Some of the things she told Gay about our early history were complete fabrications. Even allowing for my failing memory, some of those things never happened. Ma’s power of expression was limited. I never knew her to read a book, and the only time she read newspapers was to check the TV programme listings. She bumped along the bottom of the cultural pond using less than a 250-word vocabulary to express her distaste, her sorrow, and her elations. Her highest point of expression that acted as her superlative and that she applied to everyone and everything she deigned to praise is, ‘great.’ She used few other adjectives.

I envy those who remember conversations with their mothers as occasions when wisdom and good advice were transmitted. I have no such conversations to remember and report. The longest conversation I recall with her was one on the back steps of 121 Fitzwilliam Street. I asked her where babies came from. I was about twelve or thirteen and I had no clue. She had carried out a large basket of washing to hang on the clothesline in our backyard. Her response was directed at me as she mounted the steps to re-enter the house.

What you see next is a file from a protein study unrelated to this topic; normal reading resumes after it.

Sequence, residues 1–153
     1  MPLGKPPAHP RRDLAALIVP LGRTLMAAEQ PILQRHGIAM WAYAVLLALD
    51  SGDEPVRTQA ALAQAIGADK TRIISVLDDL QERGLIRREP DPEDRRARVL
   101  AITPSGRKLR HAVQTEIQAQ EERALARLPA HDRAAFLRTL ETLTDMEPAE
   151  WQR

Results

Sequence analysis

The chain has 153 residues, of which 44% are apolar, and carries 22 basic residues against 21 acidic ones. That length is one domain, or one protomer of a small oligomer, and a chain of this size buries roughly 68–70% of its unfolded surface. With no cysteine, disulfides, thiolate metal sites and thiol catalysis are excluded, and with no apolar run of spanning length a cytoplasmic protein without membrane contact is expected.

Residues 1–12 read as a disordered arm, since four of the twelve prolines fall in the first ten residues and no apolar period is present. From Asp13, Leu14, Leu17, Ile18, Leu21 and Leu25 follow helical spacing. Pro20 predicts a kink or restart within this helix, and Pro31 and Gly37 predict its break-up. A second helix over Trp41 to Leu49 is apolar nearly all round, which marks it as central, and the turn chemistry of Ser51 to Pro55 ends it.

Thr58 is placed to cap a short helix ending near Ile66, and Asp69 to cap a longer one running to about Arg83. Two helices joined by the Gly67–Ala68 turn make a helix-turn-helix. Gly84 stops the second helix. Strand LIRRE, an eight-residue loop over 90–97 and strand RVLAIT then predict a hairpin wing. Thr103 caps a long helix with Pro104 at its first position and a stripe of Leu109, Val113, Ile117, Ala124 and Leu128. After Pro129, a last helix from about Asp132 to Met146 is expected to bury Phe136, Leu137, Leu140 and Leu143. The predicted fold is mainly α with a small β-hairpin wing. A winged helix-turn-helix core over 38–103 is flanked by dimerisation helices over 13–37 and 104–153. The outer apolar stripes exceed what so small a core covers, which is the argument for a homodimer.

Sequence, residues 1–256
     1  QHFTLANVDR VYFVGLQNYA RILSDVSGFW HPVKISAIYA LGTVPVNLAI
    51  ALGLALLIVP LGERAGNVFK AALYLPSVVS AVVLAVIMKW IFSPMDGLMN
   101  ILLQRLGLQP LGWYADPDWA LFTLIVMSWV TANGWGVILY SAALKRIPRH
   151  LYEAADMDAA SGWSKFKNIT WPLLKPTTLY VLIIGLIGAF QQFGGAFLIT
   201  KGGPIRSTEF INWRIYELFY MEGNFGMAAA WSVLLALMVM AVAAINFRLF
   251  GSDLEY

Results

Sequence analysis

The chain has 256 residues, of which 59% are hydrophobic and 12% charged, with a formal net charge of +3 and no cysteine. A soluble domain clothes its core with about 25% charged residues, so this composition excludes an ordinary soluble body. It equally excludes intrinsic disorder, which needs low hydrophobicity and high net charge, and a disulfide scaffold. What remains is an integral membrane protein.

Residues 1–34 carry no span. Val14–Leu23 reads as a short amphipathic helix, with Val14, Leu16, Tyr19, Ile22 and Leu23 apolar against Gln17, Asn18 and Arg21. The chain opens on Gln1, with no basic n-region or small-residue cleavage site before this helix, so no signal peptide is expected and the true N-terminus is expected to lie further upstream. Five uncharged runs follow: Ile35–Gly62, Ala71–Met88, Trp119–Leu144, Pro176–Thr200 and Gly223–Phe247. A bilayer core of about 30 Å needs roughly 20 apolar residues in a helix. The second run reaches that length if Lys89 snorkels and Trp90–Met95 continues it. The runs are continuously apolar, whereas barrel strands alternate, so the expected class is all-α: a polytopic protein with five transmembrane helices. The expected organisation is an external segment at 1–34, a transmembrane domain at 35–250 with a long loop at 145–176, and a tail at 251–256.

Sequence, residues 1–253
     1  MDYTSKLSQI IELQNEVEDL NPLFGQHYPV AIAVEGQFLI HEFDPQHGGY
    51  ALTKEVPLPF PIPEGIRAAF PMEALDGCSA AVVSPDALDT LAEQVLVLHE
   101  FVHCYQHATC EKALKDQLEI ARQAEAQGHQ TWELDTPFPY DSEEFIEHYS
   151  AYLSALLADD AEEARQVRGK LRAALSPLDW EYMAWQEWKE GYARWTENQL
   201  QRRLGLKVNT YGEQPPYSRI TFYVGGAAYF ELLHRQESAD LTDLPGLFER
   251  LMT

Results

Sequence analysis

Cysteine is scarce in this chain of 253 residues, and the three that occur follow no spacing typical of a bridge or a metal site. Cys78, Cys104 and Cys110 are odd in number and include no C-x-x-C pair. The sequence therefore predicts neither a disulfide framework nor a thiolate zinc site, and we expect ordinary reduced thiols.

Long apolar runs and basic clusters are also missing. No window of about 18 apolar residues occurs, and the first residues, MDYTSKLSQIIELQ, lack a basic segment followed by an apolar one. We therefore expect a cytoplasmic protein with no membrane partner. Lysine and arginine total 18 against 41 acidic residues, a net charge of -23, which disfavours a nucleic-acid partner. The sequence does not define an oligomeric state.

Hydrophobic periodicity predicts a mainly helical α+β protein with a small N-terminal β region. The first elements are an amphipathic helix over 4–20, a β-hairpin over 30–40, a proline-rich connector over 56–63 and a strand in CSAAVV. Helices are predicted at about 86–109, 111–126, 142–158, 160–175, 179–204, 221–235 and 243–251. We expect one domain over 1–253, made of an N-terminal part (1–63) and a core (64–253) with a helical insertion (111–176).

“You know!” she pronounced grimly.

“I don’t.” I retorted, hurt at her dismissal of my earnest question. Her answer was even more shocking and final.

“But you’ve got a pretty shrewd idea!” she volleyed, stepping past me and through the door, slamming it hard behind her.

The exchange was at an end and the subject was never broached again. I completed what education I received about human reproduction during a week’s camp with the Boy Scouts, most of whom were far more advanced than I was in these matters.

I knew that I would leave her with little more remembrances than her face as it changed from a relatively young woman into an angelic looking creature who still had the biting tongue of her earlier years.

Now it was time. All the times we had had and all the times we missed were brought together into a sharp and painful point focused on this moment. I kissed her, patted her head in silent blessing, and through choking tears said “Goodbye, and God bless, Ma.” Then we stepped out into the sunlight of our last June day in England, and out of my memories with a tightly closed throat. For all that had passed, for all we had missed, and for all our failures, it was harder than I could ever have imagined saying ‘goodbye’ to Ma.